• unprecedented numbers of children taken from mothers who report domestic violence and are accused of lying by violent men using the family courts to avoid prosecution and maintain their reign of terror over women and children;
  • increased poverty driving mothers and even children into ‘survival sex’ and criminalisation – ‘vulnerable’ women ‘including prostitutes and heroin addicts’ are then targeted for abuse by police;
  • disabled protestors spied on by police and reported to the DWP, threatening their benefits, as admitted by Lancashire (re anti-fracking) and Greater Manchester Police forces;
  • structural sexism, racism and class bias within the police and other State institutions;
  • blacklisting and criminalisation of trade unionists who were spied on and are still campaigning for justice after the Shrewsbury (1972 construction) and the Orgreave (1984 miners) strikes;
  • the use of children in undercover police operations;
  • the criminalisation of peaceful direct action in pursuit of justice by XR, the Youth Strike for Climate, Black Lives Matter, the Palestinian-led BDS movement among others;
  • government attacks on immigrants and asylum seekers and their lawyers, which have provoked murder and attempted murder, including against two law firms – a letter signed by over 80 prominent lawyers has asked the government to apologise;
  • the known as War Crimes Immunity Bill which introduces a ‘presumption against prosecution’ for UK armed forces accused of war-related crimes overseas after five years;
  • the continued imprisonment and trial of Julian Assange, under threat of extradition to the US for his Wikileaks activities which exposed rape, murder and other war crimes by US, UK and other armed forces;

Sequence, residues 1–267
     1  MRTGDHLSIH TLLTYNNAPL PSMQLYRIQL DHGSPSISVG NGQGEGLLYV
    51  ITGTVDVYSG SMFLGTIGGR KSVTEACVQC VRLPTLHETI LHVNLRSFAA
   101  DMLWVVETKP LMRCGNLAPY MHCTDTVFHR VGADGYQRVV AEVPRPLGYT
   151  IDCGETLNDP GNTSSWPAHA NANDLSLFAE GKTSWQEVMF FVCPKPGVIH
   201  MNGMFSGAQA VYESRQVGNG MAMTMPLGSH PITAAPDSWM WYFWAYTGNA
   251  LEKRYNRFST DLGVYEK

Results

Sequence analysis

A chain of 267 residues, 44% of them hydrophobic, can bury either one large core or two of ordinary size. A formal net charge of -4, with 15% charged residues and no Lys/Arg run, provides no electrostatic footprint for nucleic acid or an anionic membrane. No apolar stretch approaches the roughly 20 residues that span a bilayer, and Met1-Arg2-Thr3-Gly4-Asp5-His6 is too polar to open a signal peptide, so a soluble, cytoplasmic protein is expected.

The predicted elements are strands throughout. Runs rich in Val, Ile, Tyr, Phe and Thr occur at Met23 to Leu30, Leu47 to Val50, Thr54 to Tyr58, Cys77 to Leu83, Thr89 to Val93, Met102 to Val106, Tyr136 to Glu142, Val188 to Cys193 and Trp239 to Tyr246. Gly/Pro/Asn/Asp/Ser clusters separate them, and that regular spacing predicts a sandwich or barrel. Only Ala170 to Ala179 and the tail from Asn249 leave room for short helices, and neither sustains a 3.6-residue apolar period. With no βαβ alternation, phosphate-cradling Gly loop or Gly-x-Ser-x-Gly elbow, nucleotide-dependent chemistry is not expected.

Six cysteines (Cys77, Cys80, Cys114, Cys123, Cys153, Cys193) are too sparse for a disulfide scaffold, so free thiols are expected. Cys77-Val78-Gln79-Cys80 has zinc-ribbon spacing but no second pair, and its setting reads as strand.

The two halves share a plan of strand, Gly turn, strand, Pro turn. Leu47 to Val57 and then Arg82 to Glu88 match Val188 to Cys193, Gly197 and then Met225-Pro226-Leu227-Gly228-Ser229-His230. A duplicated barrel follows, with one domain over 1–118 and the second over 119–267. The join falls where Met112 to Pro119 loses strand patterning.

• attempts to silence anyone who exposes collusion between State agents, supremacist organisations and corporations at a time of unprecedented trade deals triggered by Brexit;
  • the government’s handing out of commercial contracts worth £12 billion to associates with no relevant experience and no public scrutiny under cover of the Covid emergency;
  • the targeting of NHS and social care whistle-blowers, exposed by Compassion in Care.

Opposition to the Bill as it becomes known is growing, and includes trade unions, justice organisations, MPs and peers (see Amnesty International warned the Bill ‘could end up providing informers and agents with a licence to kill’. Some Labour MPs have referred to the assassination of the Belfast lawyer Pat Finucane who was exposing collusion between British Security Services and loyalist paramilitaries. MP Dan Carden resigned from Labour’s Shadow Cabinet saying: ‘I share the deep concerns about this legislation from across the labour movement, human rights organisations, and so many who have suffered the abuse of State power, from blacklisted workers to the Hillsborough families and survivors.’

We call on all Parliamentarians to defend women, children and other victims of violence and their families; justice and environmentalist campaigners; human, employment and immigration rights advocates and their lawyers; and investigative journalists who are exposing crimes by agents of the State.

Those who are paid to enforce the law should not be above the law but the first to abide by it. This Bill must be stopped.